The relationship between Islamabad and Tehran worsened in mid-September when Pakistan took part in the joint military exercises “Three Brothers 2021” in the Caspian Sea with Turkey and Azerbaijan. The Iranian Foreign Ministry spokesman, Saeed Khatibzadeh, defined the exercises as’ illegal’, arguing that the Convention on the Legal Status of the Caspian Sea states that the military presence of actors other than the five coastal countries is prohibited. Since relations between Azerbaijan and Iran were also severely threatened when Baku arrested two Iranian drivers on the Goris-Kapan highway in Armenia in September, the “Three Brothers 2021′ exercises prompted the Iranian armed forces to move close to the borders with Azerbaijan.
Pakistan is also interested in corridors through the Caspian Sea, and therefore is enhancing its ties with Azerbaijan. In September 2002, Pakistan and Azerbaijan signed the agreement of Cooperation in Military and Defence Fields in the city of Karachi. Now the cooperation is increasing, as confirmed on March 2021, when Azerbaijani Foreign Minister, Ceyhun Bayramov, met with the Pakistani counterpart, Shah Mahmood Qureshi, in Dushanbe, Tajikistan, within the framework of the Ministerial Conference called “The Heart of Asia-Istanbul Process”, and discussed bilateral cooperation in the field of aviation.
Islamabad openly sided with Baku even during the Nagorno-Karabakh conflict. Armenian Prime Minister Nikol Pashinyan stated Pakistan had a role in the war raging across the Nagorno-Karabakh region. Some Armenian sources claim that there were Pakistani armed fighters present among the Azerbaijani ranks during the conflict. After the collapse of the Soviet Union, Pakistan became the second country recognising Azerbaijan as an independent state on December 12th, 1991, following Turkey. In addition, they did not recognise Armenia as a state. In 2016, fearing its challenging positions against the country, Armenia blocked Islamabad’s attempt to become an observer at the Collective Security Treaty Organisation. Furthermore, Azerbaijan, Pakistan and Turkey have continuously backed each other on scenarios such as Kashmir and Cyprus.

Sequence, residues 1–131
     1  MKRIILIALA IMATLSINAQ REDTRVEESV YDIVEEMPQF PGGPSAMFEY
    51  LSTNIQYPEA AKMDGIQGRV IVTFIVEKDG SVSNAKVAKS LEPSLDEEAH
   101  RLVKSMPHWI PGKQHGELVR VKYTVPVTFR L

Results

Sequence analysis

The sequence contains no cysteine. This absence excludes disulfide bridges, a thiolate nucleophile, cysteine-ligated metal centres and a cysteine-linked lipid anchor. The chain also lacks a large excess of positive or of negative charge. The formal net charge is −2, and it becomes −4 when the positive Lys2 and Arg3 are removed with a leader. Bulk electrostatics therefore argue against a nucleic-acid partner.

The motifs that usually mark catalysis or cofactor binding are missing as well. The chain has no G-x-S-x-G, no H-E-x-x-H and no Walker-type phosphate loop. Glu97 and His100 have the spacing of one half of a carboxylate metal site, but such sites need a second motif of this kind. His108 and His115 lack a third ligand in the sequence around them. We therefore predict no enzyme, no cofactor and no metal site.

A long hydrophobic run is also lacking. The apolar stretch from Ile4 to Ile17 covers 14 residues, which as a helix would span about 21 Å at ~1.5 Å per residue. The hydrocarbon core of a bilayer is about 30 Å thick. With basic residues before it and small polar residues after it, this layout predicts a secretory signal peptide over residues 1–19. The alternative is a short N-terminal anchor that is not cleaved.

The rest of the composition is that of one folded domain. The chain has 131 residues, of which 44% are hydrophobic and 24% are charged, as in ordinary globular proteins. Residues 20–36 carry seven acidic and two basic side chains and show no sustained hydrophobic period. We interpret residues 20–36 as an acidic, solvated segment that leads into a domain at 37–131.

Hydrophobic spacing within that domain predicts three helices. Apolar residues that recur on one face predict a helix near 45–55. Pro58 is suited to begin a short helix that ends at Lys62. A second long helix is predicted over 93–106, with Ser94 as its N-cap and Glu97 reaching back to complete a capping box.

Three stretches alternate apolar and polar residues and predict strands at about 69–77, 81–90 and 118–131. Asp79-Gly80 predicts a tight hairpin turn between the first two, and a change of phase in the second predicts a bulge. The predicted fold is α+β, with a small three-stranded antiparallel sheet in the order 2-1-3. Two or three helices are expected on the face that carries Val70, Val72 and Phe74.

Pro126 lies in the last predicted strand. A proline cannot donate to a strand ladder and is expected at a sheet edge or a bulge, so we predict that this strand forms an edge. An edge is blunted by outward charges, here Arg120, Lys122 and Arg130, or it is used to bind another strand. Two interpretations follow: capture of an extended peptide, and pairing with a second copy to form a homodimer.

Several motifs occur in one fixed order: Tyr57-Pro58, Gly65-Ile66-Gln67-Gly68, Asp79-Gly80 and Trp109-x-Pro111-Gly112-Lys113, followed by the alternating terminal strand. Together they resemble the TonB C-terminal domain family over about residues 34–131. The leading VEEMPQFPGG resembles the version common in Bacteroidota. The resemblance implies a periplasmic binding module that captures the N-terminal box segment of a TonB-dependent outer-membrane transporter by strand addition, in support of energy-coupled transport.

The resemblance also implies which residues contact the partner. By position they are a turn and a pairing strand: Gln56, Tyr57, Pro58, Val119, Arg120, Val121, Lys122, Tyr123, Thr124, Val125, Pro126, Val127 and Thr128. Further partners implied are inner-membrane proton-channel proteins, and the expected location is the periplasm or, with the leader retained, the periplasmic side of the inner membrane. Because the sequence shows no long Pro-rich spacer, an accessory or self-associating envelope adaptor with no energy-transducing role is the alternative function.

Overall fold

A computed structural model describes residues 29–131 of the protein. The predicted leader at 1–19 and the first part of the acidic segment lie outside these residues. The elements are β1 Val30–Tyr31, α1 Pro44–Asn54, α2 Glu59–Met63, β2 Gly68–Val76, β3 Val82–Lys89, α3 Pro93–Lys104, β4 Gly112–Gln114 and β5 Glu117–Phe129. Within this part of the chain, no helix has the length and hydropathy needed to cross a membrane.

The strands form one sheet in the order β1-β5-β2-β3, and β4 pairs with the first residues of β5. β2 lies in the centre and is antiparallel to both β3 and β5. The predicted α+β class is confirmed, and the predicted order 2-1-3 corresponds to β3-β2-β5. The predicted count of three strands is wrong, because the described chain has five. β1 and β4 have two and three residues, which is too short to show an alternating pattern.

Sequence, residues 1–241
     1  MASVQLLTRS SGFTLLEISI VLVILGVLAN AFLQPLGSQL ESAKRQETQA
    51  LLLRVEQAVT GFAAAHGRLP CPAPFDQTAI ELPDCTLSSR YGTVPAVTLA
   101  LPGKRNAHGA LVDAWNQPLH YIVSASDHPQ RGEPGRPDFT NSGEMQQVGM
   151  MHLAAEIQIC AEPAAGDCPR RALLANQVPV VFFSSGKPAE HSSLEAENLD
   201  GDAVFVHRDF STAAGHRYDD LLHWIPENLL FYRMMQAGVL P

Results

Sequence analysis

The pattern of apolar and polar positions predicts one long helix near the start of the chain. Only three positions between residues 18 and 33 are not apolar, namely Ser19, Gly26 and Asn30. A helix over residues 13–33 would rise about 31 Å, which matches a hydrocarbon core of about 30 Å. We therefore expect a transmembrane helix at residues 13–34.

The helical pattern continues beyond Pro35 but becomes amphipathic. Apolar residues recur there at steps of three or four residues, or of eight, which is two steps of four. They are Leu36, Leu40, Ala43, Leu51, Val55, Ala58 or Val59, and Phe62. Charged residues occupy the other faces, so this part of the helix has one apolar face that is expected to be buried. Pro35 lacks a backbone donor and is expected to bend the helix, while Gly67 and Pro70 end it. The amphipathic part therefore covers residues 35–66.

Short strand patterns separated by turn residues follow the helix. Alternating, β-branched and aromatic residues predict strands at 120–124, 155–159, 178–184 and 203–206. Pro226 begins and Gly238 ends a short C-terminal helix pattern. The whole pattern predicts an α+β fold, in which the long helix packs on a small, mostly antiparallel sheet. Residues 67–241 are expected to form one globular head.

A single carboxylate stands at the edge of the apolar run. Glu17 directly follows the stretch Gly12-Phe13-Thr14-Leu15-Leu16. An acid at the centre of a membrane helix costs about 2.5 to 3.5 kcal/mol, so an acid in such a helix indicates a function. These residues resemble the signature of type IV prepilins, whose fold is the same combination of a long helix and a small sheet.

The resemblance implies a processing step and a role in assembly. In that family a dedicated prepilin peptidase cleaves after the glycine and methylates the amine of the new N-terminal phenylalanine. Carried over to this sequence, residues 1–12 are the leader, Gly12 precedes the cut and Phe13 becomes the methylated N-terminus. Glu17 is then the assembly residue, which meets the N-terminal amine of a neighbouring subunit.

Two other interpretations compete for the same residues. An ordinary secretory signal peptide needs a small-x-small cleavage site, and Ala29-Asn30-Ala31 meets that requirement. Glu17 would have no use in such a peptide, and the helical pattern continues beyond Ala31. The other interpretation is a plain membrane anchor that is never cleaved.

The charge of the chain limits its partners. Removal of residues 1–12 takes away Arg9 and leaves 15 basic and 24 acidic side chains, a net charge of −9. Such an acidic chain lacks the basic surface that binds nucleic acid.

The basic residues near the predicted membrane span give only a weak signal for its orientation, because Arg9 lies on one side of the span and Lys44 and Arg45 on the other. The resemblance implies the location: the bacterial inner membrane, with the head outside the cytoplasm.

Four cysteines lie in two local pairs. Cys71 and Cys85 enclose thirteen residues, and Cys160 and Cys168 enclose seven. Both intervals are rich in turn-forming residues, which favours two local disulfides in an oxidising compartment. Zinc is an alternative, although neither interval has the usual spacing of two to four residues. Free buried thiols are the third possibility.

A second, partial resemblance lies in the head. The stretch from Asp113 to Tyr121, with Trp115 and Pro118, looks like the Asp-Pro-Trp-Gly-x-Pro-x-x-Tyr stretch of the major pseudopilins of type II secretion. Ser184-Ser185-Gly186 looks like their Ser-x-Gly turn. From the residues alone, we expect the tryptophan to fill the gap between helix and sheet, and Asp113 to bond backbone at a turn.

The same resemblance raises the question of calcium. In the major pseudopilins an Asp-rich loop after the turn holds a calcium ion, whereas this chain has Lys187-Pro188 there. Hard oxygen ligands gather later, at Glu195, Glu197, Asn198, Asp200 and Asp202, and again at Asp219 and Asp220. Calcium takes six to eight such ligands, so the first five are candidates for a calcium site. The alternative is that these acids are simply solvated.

Currently, Pakistan has received massive investments from China, becoming part of the Belt and Road Initiative with the China-Pakistan Economic Corridor. The Chinese also implemented the Pakistani port of Gwadar, which is a direct concurrent of the Iranian port of Chabahar (Geopolitical del porto iraniano di Chabahar). The port of Chabahar was implemented with Indian investment with the ultimate goal to reach central Asia markets through Afghanistan and Russia, being part of the International North-South Transit Corridor (INSTC) and monitoring the Chinese presence in the Persian Gulf (Iran-Russia cooperation might support Tehran’s foreign strategy in Eurasia; Russia discussed with India security cooperation in Afghanistan).
Pakistan is now looking at Azerbaijan to reach Europe and Russia by replacing Iran. Islamabad is interested in the railway line restored by the Azeris following the conflict in Nagorno-Karabakh, which connects the autonomous region of Nakhchivan with Baku for its trade, including military supplies.
Turkey’s goal of serving as a transit route for East-West trade through projects like China’s Belt and Road Initiative, including Pakistan, puts the countries in direct competition with Iran. The collaboration between Ankara, Baku and Islamabad undermine Iranian-Pakistani relations. While cooperation between the two countries has notably increased, Islamabad’s aims worry Tehran. The role played by Pakistan in the rise to power of the Taliban in Afghanistan, the competition of the Pakistani port of Gwadar with the Iranian port of Chabahar, and the attempt by Islamabad to replace Iran in the regional corridors exacerbate the position of Tehran, which currently balances its regional policy between partnership and confrontation with local actors.
Turkey’s presence in the Caspian Sea means a NATO outpost in the region. On the other hand, a collaboration between Islamabad and Tehran is necessary to stabilise the borders and regions at risk of terrorism, such as Baluchistan. The Chinese investments in Iran could eventually change the dynamics of relations between the two countries and incorporate them both into the BRI, undermining Indian positions.